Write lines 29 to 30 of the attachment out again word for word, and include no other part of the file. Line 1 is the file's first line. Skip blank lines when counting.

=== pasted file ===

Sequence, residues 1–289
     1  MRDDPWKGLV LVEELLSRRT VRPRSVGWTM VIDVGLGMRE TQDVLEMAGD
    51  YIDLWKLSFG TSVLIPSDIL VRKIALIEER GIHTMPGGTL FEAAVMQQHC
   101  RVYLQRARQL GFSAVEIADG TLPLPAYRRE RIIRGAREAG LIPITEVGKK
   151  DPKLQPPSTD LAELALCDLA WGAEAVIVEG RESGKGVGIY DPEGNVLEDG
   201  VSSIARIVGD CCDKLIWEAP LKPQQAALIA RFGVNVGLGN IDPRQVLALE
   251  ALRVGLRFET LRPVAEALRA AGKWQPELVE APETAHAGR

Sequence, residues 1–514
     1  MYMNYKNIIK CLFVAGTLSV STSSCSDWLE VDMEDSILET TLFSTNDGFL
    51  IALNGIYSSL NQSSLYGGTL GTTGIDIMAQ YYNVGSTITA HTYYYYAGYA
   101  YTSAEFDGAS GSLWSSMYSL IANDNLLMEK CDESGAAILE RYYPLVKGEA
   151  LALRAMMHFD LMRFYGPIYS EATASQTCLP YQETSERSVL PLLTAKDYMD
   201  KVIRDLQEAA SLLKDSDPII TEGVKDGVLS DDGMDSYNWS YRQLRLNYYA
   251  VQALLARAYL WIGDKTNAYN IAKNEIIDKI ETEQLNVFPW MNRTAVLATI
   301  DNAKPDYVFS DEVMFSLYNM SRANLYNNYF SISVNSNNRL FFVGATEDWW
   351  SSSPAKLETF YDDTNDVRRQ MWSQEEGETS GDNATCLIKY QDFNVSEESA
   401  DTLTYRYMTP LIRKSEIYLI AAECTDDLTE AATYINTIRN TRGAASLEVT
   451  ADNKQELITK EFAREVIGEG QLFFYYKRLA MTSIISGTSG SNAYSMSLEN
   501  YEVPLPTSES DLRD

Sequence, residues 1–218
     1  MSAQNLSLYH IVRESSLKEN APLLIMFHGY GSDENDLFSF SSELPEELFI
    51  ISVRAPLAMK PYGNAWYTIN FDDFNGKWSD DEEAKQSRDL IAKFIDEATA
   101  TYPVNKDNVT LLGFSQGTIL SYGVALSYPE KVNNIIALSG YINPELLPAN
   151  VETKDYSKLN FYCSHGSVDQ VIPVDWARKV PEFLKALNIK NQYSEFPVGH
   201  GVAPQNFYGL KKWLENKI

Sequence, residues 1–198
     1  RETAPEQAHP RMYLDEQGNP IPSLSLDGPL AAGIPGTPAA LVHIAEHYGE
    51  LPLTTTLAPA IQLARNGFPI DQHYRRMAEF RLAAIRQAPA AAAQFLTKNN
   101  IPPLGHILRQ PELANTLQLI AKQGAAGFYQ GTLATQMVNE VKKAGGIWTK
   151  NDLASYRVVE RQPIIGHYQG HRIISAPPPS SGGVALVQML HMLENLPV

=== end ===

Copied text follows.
   101  IPPLGHILRQ PELANTLQLI AKQGAAGFYQ GTLATQMVNE VKKAGGIWTK
   151  NDLASYRVVE RQPIIGHYQG HRIISAPPPS SGGVALVQML HMLENLPV